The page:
Retiree clients looking to sell their property can often contribute more to their SMSF than expected through the government’s recently introduced downsizer contribution rules, due to the flexibility to split contributions between spouses and use them in conjunction with other contribution rules, according to Fitzpatricks Private Wealth.
Speaking at SMSF Adviser’s SMSF Summit 2019 event in Brisbane, the advice firm’s head of strategic advice, Colin Lewis, said it was possible for clients approaching their 65th birthday in particular to double their contribution amounts by making use of the downsizer and bring-forward contributions and potentially splitting contributions with their spouse.
“Clients must be age 65 at the time of contribution [to use downsizer], not when they sell the house, it’s when they wish to contribute the proceeds into super,” Mr Lewis said.
“So, when they sell the house they can be under 65, but if within a 90-day period they turn 65, they can make contributions, so it’s the timing that is the essence here if you are dealing with a client that is 64 and thinking of selling their home.”
Mr Lewis gave the example of Ron and Paula, who were 76 and 64, respectively, and planning to sell their $1.5 million home before Paula’s 65th birthday in December 2019. Ron had an existing account-based pension worth $1.6 million while Paula had $1 million in accumulation phase, and the couple had a joint investment portfolio worth $1.5 million outside super.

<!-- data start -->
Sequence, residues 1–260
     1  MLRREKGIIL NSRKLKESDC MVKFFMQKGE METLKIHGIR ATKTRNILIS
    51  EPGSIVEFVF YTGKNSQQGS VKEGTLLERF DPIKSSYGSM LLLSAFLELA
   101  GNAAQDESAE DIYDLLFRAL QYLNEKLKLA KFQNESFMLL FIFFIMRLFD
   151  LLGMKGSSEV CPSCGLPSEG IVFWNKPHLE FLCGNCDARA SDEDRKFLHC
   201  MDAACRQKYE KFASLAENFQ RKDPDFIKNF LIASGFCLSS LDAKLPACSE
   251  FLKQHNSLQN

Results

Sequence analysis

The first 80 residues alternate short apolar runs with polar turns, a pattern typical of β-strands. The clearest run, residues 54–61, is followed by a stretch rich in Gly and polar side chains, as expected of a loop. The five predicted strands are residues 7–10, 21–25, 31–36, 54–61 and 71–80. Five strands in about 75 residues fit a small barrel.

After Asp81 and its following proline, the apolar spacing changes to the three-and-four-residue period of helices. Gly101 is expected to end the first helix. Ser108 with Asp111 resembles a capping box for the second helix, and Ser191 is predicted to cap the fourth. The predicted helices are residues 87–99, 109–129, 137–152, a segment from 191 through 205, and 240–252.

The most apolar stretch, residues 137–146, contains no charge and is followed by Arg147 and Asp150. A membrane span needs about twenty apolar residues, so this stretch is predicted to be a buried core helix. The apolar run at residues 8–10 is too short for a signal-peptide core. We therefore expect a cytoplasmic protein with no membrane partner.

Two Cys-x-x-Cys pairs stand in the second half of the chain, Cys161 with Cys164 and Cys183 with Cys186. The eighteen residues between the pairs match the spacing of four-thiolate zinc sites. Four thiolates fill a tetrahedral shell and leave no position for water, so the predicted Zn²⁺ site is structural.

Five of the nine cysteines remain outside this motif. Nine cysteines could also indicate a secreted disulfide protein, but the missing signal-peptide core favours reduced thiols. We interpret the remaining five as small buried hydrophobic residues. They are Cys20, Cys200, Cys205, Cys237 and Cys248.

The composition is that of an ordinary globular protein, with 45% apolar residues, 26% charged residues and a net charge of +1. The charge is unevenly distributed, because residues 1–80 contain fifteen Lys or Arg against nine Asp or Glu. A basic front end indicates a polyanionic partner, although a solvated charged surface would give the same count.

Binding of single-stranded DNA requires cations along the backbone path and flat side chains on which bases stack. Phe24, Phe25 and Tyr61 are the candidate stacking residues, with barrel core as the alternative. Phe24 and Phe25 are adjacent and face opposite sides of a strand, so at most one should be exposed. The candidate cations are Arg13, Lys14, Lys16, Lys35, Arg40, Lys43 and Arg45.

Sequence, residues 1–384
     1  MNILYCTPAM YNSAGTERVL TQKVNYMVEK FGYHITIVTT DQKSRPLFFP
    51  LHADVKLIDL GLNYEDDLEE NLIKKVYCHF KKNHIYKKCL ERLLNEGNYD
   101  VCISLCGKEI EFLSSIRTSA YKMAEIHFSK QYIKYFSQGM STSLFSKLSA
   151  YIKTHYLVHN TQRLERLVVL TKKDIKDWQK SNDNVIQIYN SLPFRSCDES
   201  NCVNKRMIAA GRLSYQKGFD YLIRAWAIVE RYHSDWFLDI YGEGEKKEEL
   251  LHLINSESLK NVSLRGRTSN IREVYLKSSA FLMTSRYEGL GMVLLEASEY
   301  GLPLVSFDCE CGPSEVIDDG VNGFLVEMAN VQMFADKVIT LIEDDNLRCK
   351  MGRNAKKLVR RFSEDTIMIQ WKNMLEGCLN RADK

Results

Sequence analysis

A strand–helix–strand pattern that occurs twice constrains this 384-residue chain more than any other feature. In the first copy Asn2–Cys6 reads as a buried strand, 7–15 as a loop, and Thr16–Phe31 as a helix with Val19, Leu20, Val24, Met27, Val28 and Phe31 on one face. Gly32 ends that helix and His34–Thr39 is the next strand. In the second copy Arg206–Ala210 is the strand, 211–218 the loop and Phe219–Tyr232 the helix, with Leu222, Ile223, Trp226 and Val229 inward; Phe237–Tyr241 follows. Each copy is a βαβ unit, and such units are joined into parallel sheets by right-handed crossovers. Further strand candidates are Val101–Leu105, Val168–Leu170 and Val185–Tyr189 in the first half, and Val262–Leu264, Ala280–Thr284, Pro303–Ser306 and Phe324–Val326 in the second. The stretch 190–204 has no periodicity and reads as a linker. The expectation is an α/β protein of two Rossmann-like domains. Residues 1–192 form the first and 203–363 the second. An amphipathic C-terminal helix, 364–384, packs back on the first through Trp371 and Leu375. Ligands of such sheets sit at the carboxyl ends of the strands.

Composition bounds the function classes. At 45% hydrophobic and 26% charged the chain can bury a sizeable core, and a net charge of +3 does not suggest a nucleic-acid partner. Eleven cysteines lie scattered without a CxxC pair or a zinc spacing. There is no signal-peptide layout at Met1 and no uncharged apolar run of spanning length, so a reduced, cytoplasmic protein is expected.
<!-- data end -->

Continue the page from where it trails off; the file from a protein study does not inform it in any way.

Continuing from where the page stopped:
“On 16 October, they enter into a contract to sell their home for $1.5 million with settlement on 27 November,” he said.
“From the proceeds, Ron and Paula make the following contributions within 90 days: Ron makes a $300,000 downsizer contribution; prior to her 65th birthday, Paula makes a $300,000 non-concessional contribution; and after turning 65 she makes a $300,000 downsizer contribution and commences an account-based pension of $1.6 million.
“So, they’ve rearranged their affairs, they’ve now got a new house worth $1.6 million, Ron’s got an accumulation benefit worth $300,000, Paula’s got an account-based pension of $1.6 million, and their money outside super is $500,000. So, what they’ve been able to do is upsize, put more into super and make a downsizer contribution.”
Mr Lewis added that splitting contributions between a couple was another good way to make the most of the downsizer rules, given that a client’s spouse did not need to have been an owner of the property to use the proceeds for their contribution.
“The spouse doesn’t have to be on the title to contribute — with spouses, it all hinges on whether the owner of the property is eligible, and if they are, the spouse can contribute too provided they’re 65 or above,” he said.
29 October 2019